I typed religiloons before correcting myself. Not sure if I've heard it or seen it before, but kinda like the sound of it!
Comment by Jason Fleming on April 5, 2012 at 9:06pm

You're right, they aren't secular and are probably rooted in paganism. But its OK to pretend.  The difference is acknowledging those things are fantasy and not reality.

Comment by The Flying Atheist on April 5, 2012 at 9:00pm

Natalie, if you're the odd one out, then you have company because I'm there with you.  I'm also quite aware of the religious/spiritual background for many of holiday customs which are now labeled as "secular."  Of course this history is rarely if ever explained to children (or even adults!)  That's information that I took upon myself to learn as an adult.  Unfortunately most people don't bother to trouble themselves.  That's why I always find it rather funny when religious people complain about the "secular" aspects of religious holidays.  They just haven't a clue!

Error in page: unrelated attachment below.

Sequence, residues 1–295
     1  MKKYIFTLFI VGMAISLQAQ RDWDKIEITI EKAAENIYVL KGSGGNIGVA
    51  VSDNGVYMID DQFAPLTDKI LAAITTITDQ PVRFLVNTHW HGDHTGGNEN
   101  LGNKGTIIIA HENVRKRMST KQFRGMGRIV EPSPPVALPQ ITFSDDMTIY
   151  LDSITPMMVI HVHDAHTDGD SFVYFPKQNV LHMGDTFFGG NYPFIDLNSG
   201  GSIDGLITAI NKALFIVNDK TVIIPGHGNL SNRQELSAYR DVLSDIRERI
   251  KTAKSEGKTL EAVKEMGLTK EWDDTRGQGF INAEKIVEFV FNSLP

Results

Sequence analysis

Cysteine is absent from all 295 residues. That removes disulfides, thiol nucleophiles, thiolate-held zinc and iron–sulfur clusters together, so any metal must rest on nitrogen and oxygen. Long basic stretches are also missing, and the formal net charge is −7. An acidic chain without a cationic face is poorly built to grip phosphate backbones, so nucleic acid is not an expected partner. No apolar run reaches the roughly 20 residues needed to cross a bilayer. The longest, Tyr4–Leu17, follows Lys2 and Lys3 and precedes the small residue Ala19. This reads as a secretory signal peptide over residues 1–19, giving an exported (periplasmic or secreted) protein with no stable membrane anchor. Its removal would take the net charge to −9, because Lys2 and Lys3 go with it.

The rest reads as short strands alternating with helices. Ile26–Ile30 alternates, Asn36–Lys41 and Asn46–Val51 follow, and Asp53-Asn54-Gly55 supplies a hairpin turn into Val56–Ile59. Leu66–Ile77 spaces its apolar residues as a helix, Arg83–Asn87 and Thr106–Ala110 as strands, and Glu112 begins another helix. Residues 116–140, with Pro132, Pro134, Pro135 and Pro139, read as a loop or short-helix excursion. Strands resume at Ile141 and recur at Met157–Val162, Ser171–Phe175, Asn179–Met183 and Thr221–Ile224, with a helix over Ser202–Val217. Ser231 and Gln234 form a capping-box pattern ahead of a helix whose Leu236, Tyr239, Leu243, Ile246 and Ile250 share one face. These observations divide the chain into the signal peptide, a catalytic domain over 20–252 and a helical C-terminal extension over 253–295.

Comment by Natalie A Sera on April 5, 2012 at 8:24pm

And to add an afterthought -- holidays like the 4th of July, Earth Day and memorials of events seem to me to be more secular than the observances of Christmas and Easter. I'm perfectly happy to observe those, because there truly is no pagan or other spiritual history behind them.

Comment by Natalie A Sera on April 5, 2012 at 8:21pm